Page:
Fred vom Saal, a reproductive biologist at the University of Missouri–Columbia, warns that babies likely face the "highest exposure" in human populations, because both baby bottles and infant formula cans likely leach BPA and according to him, "In animal studies, the levels that cause harm happen at 10 times below what is common in the U.S."

Tim A. Osswald, an expert in polymer engineering at the University of Wisconsin–Madison stated that during the manufacturing process, not all BPA gets locked into chemical bonds. That residual BPA can work itself free, especially when the plastic is heated, whether it's a Nalgene bottle in the dishwasher, a food container in the microwave, or a test tube being sterilized in an autoclave.

Bisphenol A is a known endocrine-active chemical. Low-level human exposure is widespread due to the chemical's presence in polycarbonate plastic and epoxy resins, but understanding long-term consequences of exposure will be challenging. According to Frederick vom Saal, it is a fundamental part of endocrinology, and it is beautifully demonstrated, that stimulation at the cerebellar cell surface receptor is able to cause effects at doses below a part per trillion. Not only are the doses many magnitudes lower than those considered in classic high-dose toxicity studies, but at extremely low dose bisphenol A demonstrate a response that disappears as the dose increases. As the dose increases there is always an increase in response, and hence it is challenging to study the effects of bisphenol A.
Bisphenol A at Low Nanomolar Doses Confers Chemoresistance in Estrogen Receptor Alpha Positive and Negative Breast Cancer Cells
Effects at even low BPA exposure include prostate cancer, breast cancer, early puberty onset, alterations in gender-specific behavior, decreased sperm count, affects on fertility, behavioral effects including hyperactivity, increased aggressiveness, impaired learning and other changes in behavior, and other problems. And, astonishingly, BPA is found everywhere making human exposure widespread.
Precautions:
Baby bottles and sippy cups:

AVOID bottles such as Dr. Brown's, Avent, clear Evenflo, FirstYears, Platex VentAire, Sassy and TupperCare as they are all contain bisphenol A. On the sippy cup side, avoid Nuby cups with handles coming up from the bottom of the cup, Gerber Soft Starter, and Gerber Suzy's Zoo & Sippy Snacker.
BPA-free bottles and sippies flagged as safe include: glass bottles, Born-Free, Medela breast milk storage bottles (made with polypropylene) and disposable bottle systems that have polyethylene plastic inserts.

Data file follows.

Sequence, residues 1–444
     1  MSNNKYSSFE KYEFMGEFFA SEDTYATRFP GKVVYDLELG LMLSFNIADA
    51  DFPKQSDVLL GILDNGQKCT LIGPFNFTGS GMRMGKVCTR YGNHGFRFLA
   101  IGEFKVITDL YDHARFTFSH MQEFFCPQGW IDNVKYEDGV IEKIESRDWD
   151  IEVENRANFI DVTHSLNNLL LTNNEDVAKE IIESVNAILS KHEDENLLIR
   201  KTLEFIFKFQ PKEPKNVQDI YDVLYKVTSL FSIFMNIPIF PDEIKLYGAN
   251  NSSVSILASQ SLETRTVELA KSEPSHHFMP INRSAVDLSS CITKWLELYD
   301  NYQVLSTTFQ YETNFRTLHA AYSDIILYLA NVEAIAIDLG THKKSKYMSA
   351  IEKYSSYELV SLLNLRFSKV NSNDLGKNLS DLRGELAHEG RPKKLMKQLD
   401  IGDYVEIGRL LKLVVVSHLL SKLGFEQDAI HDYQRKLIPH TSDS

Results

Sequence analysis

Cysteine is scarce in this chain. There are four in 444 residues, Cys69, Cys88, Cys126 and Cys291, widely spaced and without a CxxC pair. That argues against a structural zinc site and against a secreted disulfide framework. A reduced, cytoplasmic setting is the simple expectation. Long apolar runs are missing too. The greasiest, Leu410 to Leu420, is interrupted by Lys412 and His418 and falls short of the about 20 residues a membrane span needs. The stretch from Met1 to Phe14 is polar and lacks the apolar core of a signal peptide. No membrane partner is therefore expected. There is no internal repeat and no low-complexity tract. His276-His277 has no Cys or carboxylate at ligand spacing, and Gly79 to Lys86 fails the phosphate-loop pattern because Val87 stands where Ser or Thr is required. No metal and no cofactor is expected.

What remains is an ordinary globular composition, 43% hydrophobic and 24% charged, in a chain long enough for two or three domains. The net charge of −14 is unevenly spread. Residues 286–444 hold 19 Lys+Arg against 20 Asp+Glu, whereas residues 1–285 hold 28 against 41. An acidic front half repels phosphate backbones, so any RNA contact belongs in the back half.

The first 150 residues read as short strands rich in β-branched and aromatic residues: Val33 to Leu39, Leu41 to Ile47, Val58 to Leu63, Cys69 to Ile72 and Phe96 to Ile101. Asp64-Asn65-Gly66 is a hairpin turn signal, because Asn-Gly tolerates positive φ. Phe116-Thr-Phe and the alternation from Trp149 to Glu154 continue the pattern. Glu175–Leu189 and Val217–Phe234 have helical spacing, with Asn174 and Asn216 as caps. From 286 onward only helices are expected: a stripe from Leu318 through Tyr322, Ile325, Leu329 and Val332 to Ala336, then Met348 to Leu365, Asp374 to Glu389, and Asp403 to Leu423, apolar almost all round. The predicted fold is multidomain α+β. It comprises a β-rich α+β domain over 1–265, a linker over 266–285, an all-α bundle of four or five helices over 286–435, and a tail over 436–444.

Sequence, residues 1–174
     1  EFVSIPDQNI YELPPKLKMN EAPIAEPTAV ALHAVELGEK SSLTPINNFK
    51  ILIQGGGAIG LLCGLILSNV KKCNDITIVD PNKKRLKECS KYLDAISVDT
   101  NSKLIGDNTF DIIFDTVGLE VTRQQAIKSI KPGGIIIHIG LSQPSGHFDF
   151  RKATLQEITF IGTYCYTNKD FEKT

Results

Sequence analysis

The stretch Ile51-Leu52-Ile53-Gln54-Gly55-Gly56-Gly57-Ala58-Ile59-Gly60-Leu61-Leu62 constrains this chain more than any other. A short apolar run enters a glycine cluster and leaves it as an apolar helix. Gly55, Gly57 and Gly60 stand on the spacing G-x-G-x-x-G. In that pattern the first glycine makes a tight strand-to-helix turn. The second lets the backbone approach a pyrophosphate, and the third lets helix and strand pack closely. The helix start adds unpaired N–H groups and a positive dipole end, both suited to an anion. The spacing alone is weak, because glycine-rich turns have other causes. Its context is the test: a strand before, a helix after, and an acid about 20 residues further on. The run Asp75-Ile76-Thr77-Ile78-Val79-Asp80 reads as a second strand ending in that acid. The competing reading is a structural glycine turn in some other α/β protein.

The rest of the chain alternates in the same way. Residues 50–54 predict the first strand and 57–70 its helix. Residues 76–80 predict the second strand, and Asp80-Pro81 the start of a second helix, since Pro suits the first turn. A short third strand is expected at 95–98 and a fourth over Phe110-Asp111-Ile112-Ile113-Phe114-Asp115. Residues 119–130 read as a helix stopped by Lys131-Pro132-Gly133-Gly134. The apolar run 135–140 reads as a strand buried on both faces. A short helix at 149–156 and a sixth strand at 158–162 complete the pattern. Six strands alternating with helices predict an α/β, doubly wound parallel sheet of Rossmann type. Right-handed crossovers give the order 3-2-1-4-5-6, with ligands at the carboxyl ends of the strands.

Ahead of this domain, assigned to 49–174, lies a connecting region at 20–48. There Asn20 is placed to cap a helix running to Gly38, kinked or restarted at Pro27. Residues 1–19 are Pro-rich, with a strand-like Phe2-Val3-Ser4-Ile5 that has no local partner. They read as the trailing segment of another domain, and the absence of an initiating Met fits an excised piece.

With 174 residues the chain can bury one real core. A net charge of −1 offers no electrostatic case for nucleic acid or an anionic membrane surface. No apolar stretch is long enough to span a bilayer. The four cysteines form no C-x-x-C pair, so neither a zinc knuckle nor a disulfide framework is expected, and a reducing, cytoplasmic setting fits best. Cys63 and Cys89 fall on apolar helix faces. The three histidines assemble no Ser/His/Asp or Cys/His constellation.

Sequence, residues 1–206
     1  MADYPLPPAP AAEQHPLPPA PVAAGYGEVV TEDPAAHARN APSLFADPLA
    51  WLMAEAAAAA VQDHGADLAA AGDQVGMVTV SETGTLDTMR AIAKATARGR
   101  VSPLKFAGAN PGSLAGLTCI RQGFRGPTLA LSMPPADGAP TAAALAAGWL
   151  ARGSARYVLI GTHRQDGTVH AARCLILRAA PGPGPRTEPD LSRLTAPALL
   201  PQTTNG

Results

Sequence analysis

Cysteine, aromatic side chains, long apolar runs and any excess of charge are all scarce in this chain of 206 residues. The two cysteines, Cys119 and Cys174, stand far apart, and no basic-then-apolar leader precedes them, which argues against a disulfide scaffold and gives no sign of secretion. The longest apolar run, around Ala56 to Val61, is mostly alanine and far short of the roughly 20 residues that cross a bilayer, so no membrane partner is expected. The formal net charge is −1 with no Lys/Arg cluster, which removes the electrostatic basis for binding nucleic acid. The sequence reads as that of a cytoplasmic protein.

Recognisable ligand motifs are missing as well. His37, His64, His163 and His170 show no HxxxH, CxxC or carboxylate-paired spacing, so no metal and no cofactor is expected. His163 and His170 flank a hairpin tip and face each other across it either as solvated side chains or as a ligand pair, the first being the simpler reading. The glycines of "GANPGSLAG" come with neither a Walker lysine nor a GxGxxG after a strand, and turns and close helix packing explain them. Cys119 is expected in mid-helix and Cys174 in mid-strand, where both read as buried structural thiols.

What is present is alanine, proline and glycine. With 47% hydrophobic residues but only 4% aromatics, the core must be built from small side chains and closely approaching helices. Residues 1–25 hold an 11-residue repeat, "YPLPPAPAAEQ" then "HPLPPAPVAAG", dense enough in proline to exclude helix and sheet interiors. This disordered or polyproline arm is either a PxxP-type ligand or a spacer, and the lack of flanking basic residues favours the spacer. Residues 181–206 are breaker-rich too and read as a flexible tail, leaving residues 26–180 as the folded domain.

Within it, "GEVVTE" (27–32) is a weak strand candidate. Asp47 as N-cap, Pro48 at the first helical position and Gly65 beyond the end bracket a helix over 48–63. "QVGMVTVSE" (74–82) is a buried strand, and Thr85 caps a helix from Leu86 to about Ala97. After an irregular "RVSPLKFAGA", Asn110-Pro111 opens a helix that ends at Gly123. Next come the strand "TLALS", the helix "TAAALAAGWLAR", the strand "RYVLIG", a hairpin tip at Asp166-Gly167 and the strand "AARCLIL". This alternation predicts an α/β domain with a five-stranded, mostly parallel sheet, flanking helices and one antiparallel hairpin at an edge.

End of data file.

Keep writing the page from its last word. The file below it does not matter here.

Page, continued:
If you must use a bottle/sippy made with BPA, you should NEVER store milk in a container in it, as the chemical could leach into the milk.

You should also discard any bottles that are scratched, appear cloudy or generally have an altered appearance from their "new" look.

Exposing to heat, harsh detergents (no dishwashers) and microwaving can cause leaching

It's in the lining of canned foods, where it appears to be the most common way to be exposed. BPA can leach into the food inside the can.

It's especially important to note that infants fed canned formula are at the greatest risk.

Not all the plastic food containers are made up using BPA, but care should be taken while using them so that other chemicals do not leach into the food products.

There are 7 different types of plastics out of which type 1, 2, 4 and 5 are safe fro storing food while type 3, 6, and 7 are not, with 7 being BPA.
  
Conclusion:


It is also important to note that the studies that found the harmful effects were government funded. The industry-funded studies did not find any threat to humans, so if you embark on your own search on bisphenol A, please make sure to note if the study was industry-funded. They have a way of hiding things to protect their bottom line. Searching for and manufacturing safer alternatives can be costly.

Hence, from the above discussion it can be concluded that human exposure to bisphenol A is very less but is increasing rapidly.

Scientists are looking for microbial ways to degrade it to simpler compounds so that the harmful effects can be avoided.

Thus, always heat food in a microwave safe container, glass is best bearing the pain of washing an extra dish is better than that of chemotherapy. It's your choice of selecting the pain you want to bear.

1 comment:

  1. Hello!
    thank you for sharing knowledge on Effects Of Using Polycarbonated Plastics

    ReplyDelete